When I Told My Gym Teacher I'm Disabled


Gym class is always an… interesting experience for me. (I have some stronger words to describe it but my parents check each post.) When I reveal that I have hypotonia, it generally never ends well. I laugh at the idea of being accepted in gym class or even being put up with. I’ve learned to get used to it; I feel like when you have a disability and everyone starts to accept it, that’s usually when you wake up from the dream. This year, it was even scarier, as I had just moved from middle to high school. But telling the teacher about my disability didn’t go as planned.

I tried to put it off for as long as possible, but since we always start the year off with physical fitness tests, I wasn’t able to procrastinate for that long. Eventually, when we went out on the track to practice for the half mile, I had to tell the teacher (let’s call him Mr. A). So as all the other girls took off running, I pulled Mr. A aside. Here’s how our conversation went:

Me: “Mr. A, I have something I need to tell you. I have hypotonia, a muscle disorder–”

Mr. A: “Yes, I know, I saw your shirt.” (I used my hypotonia awareness shirt as my gym shirt just in case.) “Are there any physical limitations I should know about?”

Me: “I am a lot slower at running. It is harder for me to do push ups and sit ups. Instead of walking half the track and jogging half the track, I may have to walk three-quarters of the track, or even the whole track.”

Mr. A: “Don’t worry about it. I understand if you need to walk; don’t stress about it.”

I walked, or should I say jogged, away completely in shock at how well that went. I figured it was only a matter of time until he got fed up with me and my lack of athletic ability.

About a week later, we were going to go run the half mile for real. The day before, I had been running around like crazy, and I had definitely overexerted myself. My legs and ankles were hurting so bad, I knew I would never be able to run that day. This was the real test: would he be accepting of me, or would he threaten to send me to the dean? I had no choice, so I took a deep breath and walked up to him.

Mr. A: “Everything all right?”

Me: “Mr. A, I’m so sorry but I don’t think I can run–”

Mr. A: “Don’t worry about it, just walk. It’s fine, no stress, OK?”

I was so amazed. There wasn’t even a hint of sarcasm or frustration in his voice. This has never happened to me in the history of gym class. I actually thought I was dreaming! What really astounded me, though, was after we went back in the gym. While we ran the track, the teachers timed us and told us our times. When we sat down, he called all of our names and we yelled out our time. I, obviously, did not get a time since I was walking, so I was trying to figure out what I would say when he called my name. But he saved me the embarrassment — he skipped over my name and just called the next girl on the list. No one noticed.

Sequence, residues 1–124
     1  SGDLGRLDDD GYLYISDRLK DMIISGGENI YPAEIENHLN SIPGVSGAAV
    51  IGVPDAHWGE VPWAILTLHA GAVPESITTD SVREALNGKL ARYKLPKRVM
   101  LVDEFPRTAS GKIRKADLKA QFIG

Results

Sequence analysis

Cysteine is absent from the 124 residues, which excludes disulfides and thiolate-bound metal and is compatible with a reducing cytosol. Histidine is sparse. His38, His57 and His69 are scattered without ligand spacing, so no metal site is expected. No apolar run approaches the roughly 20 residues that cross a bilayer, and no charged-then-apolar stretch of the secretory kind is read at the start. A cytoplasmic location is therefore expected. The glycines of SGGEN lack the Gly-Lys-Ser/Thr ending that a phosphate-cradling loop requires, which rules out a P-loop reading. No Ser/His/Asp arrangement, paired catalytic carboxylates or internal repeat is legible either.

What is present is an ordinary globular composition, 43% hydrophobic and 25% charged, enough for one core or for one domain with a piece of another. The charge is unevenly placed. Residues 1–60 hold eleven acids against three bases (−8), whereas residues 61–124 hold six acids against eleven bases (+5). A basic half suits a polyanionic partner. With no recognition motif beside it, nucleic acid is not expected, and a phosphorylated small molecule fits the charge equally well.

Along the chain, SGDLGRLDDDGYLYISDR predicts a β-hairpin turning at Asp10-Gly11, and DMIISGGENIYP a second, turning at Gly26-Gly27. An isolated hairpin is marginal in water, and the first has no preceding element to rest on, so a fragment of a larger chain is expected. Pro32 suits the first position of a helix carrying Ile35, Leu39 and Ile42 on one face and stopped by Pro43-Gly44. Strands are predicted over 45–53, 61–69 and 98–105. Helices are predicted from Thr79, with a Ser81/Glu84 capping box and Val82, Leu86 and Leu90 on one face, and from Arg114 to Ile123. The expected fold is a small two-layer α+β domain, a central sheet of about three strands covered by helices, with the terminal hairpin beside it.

This proved to me that he actually does care about me, and he’s not going be the kind of teacher who sends me to the dean. He proved to me that I can trust him, that I don’t have to be terrified before each gym class. Mr. A, if you are reading this, I want you to know how much I appreciate the things you’ve done for me. It may not seem like much, but you don’t know how much you helped me out. I am much calmer before gym because I know if something happens, you will have my back.

Even just by casually mentioning that you noticed my shirt, I knew in my heart this year was going to be different. So thank you, Mr. A, for making gym class significantly better than the last three years.

We want to hear your story. Become a Mighty contributor here.

Thinkstock photo by lzf.

JOIN THE CONVERSATION

Related to Hypotonia

Three high school girls talking by their lockers

What My School Day Looks Like as Someone With Hypotonia

School is not fun for many people, but I have hypotonia and it can be downright hard. Each day leaves me out of energy and in lots of pain. This is what one school day looks and feels like for me: 6:00 a.m. Getting Ready My alarm goes off, I groan and reach for my phone, [...]
Girl hugging relative at holiday gathering.

5 Things on a Person With Hypotonia's Holiday Wishlist

It’s that time of year again — it’s almost Christmas! And although everybody is different, here are 5 things I believe almost everybody with hypotonia would love to get for any occasion: 1. Patience. Each person with hypo has different limits. Some of us can stand for a while, but can’t run fast, while others [...]
Group of school children singing.

Why I Sing Even Though the Odds Are Against Me Because of Hypotonia

Anyone who knows me well (or let’s face it, anyone who’s had a five-minute conversation with me) knows how much I love singing. I am in a chorus class, an after-school chorus, and a Girl Scout chorus. I am especially devoted to Girl Scout chorus; it’s the two hours a week I don’t feel like [...]
Two teen girls bullying another one.

To The Teachers Who Don't Understand My Hypotonia

Dear Teacher, I know your job is hard. Kids are a pain in the neck. And middle school and high school teachers, I know you have it harder, putting up with over 100 kids a day. The “normal” kids are annoying enough, so I know how frustrating it can be when you see “that kid” [...]